Staging is simple, there’s clever use of rich fabric to invoke the essence of the character. It’s a visually interesting and effective piece of theatre, built on a foundation of strong choreography and focused, nuanced acting. Add the score, some crystal clear sound effects and a superbly delivered monologue and you have a textured production, a story worth hearing and, of course, was she a spy? You’ll need to see this piece to make up your own mind! We are shown her dancing with the veil – sexy, provocative, confident. But we are also shown her pleading for her life.
These polarities, this bathos, and the tragic humour that emerges at times, all give this piece a depth beyond a mere character piece. Katharine Mary is an excellent performer and is able to bring us Mata Hari and hold that character fully and believably throughout. Images remain with me as I write this review, fragments and memories. Just like a life remembered. Highly recommended work".
FringeReview (August 2015)
"The enigmatic dancer, Mata Hari – executed in 1917 as a war-time spy – was a more modern woman than she is generally given credit for. In his one-woman show, Mata Hari: Female Spy, writer-director Gavin Robertson sets the record straight.
Early in his enthralling script, Hari states, ‘I would have been good in the movies, but they came too late. All I have is the theatre.’ Like much of the play, this sentiment closely echoes Hari’s own words, but she needn’t have been so despondent. The theatre, too, can be modern – and it, too, has its place. It certainly lifted Hari from the backstreets of late nineteenth-century Holland to the pinnacle of fin-de-siècle European society, and Robertson’s production goes one further, prising her out of the murky swamp of accusation and chauvinistic prejudice that has for so long defined her. Through his very human characterisation, and Katharine Mary’s similarly layered portrayal, Mata Hari is no longer a dangerous femme fatale, but a flesh and blood woman with a wry sense of humour, a refreshing self-awareness, and an iron-clad determination to survive.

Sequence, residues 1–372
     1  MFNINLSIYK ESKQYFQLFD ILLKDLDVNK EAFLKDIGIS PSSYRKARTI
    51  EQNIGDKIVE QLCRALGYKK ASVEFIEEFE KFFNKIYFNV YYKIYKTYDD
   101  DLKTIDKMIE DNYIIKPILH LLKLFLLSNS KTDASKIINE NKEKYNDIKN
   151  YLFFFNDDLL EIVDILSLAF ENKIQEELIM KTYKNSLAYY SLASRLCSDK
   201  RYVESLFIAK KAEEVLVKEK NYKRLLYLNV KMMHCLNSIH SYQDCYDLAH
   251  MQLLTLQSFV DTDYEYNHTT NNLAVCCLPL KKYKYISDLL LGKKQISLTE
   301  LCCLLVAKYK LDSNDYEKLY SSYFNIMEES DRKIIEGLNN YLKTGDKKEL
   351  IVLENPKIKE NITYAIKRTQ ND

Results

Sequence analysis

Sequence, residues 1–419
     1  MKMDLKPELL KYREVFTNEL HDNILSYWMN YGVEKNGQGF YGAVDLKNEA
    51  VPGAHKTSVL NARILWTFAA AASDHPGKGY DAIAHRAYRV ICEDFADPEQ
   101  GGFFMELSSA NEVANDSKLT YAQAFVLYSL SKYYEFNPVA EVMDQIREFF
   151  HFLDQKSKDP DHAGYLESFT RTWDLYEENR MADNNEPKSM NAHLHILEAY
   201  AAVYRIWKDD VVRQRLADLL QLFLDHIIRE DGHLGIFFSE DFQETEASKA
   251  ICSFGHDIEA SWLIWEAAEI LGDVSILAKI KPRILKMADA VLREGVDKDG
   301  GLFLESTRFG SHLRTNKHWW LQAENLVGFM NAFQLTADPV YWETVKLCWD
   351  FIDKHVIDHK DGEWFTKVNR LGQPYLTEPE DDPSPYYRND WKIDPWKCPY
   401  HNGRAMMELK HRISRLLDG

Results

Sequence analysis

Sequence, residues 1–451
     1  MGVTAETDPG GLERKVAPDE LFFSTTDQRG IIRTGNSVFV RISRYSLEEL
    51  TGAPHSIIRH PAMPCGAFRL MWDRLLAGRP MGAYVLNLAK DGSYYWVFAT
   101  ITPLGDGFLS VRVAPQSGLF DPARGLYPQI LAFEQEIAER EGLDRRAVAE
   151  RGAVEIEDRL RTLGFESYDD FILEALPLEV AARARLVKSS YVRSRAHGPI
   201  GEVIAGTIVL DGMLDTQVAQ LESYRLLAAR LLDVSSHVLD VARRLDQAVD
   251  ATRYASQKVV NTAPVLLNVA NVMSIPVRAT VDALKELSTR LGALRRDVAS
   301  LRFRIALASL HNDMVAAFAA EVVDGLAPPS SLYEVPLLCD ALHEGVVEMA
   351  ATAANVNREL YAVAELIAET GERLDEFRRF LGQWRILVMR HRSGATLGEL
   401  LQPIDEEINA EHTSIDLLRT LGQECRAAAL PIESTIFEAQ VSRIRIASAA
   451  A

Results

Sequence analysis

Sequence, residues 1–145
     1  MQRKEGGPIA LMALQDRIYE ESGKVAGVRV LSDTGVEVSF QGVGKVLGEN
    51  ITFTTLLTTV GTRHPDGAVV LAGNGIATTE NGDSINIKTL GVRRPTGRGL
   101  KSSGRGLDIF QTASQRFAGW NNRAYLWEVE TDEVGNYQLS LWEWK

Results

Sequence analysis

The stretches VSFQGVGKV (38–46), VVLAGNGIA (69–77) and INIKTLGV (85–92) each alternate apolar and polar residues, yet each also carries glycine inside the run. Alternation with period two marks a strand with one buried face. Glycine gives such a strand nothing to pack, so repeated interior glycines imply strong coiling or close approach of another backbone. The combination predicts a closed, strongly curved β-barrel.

The part was written with Mary in mind, and it shows. Playing exquisitely to her strengths, the piece combines the choreography of dance, in which she exhibits a fluidity that is hypnotic, with that of Robertson’s correspondingly elegant directorial style. Utilising six simple bars, minimal props and numerous shimmering veils in a modern style of physical theatre that easily transcends the more negative connotations of the label, Robertson and Hurst together create a moving performance of beautiful clarity and precision.
In the event, it scarcely matters whether Hari was a spy or not, for this is not a tale of moral or political scruples, but of the survival of the human body and spirit. Ultimately, Hari had a point; the movies would have gone some way to recording her for posterity, but in this excellent play, it is her very soul that is restored"